Editor’s Note: The People’s Press


| May-June 2009



You are not especially smart or particularly discerning. Nor are you a valued community member or an individual who deserves a voice.

You are a decimal on a spreadsheet: a “consumer,” a “pair of eyeballs,” a “user.”

At least that’s how those who control an ever-larger percentage of the news media refer to you—their readers, viewers, and listeners—when they’re making decisions regarding how to allocate limited resources and formulate content.

When media executives are sitting in the front office, frantic to serve unforgiving shareholders or stave off groups of anxious investors in the midst of an economic meltdown, there is no time for conversations about the role of the press in a free society. That sort of discourse is a luxury, something for journalism students or media critics and their ever-expanding audience of unemployed peers. In today’s marketplace, the quest for objectivity is folly; great storytelling is a romance language; in-depth reporting is as overpriced as it is unnecessary.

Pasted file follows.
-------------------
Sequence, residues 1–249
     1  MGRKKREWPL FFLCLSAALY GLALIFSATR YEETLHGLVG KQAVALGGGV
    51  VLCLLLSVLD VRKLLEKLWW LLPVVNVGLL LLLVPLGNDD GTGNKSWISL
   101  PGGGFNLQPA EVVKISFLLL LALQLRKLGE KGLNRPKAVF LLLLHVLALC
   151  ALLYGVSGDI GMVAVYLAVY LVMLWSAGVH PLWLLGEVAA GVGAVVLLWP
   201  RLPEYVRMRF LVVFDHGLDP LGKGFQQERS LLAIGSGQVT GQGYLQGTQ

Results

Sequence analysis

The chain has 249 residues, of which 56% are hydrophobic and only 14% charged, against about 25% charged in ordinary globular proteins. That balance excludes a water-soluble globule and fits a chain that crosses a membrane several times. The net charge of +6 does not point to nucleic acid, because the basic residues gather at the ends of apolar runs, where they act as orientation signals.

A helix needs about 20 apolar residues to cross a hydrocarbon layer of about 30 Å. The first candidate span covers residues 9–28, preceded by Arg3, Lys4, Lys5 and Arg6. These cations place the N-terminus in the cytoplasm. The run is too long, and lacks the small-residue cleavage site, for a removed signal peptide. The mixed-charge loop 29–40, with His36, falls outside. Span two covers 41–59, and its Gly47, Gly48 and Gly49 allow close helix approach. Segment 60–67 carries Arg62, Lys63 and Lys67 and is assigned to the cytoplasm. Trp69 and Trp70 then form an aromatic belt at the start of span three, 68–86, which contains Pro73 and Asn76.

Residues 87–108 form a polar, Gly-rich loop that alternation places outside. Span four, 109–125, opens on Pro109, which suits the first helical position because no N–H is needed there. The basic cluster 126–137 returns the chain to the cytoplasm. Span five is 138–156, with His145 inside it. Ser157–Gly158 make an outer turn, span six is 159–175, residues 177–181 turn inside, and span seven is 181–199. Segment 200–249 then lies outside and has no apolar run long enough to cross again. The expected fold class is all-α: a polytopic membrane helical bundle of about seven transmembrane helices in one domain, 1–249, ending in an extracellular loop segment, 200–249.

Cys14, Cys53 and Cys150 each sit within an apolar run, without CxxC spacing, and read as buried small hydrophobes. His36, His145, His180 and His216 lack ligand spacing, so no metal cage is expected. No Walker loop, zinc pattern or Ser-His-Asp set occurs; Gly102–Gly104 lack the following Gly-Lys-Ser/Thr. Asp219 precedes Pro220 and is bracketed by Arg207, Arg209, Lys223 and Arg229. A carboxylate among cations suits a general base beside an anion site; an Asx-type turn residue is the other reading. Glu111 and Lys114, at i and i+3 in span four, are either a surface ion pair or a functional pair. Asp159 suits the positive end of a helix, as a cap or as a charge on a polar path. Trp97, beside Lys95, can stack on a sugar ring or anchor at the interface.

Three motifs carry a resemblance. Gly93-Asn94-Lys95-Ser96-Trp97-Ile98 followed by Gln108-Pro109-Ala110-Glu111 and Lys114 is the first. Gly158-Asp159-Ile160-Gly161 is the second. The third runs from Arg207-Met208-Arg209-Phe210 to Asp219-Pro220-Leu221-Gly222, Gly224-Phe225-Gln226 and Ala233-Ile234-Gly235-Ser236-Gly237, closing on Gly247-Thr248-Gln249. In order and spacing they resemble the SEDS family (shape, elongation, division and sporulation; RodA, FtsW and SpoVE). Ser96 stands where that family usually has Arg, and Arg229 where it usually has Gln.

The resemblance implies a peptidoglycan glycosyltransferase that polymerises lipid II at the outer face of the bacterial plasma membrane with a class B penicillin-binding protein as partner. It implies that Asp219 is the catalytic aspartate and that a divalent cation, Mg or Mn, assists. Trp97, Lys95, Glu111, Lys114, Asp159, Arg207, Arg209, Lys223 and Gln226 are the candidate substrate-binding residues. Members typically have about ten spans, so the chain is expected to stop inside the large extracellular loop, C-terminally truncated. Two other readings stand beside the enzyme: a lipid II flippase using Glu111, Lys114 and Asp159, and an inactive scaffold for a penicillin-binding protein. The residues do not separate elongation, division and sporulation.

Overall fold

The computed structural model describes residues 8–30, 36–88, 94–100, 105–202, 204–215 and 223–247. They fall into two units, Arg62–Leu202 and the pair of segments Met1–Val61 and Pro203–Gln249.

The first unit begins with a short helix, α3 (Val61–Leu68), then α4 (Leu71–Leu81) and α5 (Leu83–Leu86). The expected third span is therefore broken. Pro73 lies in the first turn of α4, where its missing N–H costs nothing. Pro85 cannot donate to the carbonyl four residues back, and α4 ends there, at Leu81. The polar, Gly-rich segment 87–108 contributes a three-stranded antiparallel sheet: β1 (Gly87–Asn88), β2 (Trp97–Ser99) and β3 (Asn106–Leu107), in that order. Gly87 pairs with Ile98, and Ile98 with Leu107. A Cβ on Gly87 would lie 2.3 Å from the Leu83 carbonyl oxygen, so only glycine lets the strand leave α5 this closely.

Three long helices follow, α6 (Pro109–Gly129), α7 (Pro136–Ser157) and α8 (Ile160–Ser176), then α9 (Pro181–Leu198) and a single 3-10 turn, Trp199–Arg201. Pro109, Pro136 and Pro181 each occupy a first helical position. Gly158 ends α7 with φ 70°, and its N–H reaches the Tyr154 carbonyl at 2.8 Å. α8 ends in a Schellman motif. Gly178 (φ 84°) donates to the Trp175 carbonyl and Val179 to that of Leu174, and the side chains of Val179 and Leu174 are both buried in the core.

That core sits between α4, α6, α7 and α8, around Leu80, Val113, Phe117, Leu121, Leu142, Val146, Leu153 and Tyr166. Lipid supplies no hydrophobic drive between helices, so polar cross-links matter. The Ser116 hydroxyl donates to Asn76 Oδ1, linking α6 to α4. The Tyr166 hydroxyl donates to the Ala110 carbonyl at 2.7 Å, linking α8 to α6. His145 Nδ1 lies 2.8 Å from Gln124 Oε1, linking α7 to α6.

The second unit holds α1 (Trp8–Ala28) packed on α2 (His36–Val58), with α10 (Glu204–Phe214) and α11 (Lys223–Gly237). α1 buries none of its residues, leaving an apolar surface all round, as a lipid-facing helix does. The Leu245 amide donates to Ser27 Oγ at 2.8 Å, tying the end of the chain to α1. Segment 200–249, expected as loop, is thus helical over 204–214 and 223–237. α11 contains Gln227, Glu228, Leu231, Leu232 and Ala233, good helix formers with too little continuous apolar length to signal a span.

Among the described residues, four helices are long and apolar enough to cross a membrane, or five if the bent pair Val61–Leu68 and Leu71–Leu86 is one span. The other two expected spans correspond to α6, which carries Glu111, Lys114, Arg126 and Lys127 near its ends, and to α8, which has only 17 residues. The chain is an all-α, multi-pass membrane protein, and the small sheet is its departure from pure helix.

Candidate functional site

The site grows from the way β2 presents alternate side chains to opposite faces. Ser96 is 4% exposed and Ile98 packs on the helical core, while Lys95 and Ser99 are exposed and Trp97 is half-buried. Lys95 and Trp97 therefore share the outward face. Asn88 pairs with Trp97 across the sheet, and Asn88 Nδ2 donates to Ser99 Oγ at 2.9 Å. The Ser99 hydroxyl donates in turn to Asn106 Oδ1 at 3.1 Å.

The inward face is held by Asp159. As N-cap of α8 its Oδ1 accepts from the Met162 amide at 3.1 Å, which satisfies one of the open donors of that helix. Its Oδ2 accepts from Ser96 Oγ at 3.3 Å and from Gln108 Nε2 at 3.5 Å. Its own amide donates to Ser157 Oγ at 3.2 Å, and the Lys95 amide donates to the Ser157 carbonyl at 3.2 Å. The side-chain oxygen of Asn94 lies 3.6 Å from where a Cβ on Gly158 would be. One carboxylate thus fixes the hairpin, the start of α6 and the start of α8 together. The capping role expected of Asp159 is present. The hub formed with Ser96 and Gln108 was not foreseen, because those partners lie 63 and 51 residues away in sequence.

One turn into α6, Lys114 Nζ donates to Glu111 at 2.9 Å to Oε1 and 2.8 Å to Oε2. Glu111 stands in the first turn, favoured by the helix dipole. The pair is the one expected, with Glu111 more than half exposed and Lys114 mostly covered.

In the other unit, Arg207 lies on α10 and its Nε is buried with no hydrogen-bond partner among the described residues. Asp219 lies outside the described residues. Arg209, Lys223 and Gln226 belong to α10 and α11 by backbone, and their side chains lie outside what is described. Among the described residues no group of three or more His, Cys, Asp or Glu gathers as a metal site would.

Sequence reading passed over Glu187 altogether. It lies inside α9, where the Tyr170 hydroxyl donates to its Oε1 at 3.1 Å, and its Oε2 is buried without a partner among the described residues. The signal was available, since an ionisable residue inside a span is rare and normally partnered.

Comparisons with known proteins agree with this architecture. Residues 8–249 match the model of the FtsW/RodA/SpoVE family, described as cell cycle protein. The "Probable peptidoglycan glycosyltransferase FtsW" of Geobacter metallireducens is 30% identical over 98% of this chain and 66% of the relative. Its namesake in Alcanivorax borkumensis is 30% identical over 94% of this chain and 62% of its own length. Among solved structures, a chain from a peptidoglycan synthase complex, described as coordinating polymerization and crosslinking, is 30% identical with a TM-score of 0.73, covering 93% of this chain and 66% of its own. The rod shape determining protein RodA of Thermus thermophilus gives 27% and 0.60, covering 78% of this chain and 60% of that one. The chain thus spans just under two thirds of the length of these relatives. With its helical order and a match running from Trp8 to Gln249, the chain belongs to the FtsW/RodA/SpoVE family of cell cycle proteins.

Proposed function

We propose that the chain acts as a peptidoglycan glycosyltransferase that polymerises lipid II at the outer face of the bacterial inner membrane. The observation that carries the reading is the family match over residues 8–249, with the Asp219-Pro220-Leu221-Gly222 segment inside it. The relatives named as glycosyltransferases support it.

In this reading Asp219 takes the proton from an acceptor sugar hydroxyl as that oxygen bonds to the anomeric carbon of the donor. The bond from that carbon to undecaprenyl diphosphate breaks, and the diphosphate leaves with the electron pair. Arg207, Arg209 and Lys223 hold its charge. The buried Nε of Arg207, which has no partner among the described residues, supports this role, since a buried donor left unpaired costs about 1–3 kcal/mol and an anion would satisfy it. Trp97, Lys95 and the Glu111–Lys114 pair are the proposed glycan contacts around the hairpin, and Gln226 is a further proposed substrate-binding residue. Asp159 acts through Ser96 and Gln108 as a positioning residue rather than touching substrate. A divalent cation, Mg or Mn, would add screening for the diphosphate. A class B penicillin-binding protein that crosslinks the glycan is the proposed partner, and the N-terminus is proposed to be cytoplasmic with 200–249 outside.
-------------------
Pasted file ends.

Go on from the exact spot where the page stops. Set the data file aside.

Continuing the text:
The goal is to either create (or repurpose or repackage) a risk-free product for the masses or pander to affluent, ideologically narrow niches. Anything that increases “audience share” and attracts advertisers, marketers, and brand managers who want to do the same.

And here’s the real kicker: The media’s decline is no one’s fault but our own. Sure, blaming the fall of our Fourth Estate on a combination of greed and opportunism makes for pithy party conversation—that analysis has even sold a few books. It’s those of us who complain the loudest, however, who both have the power and are duty-bound to facilitate a renaissance.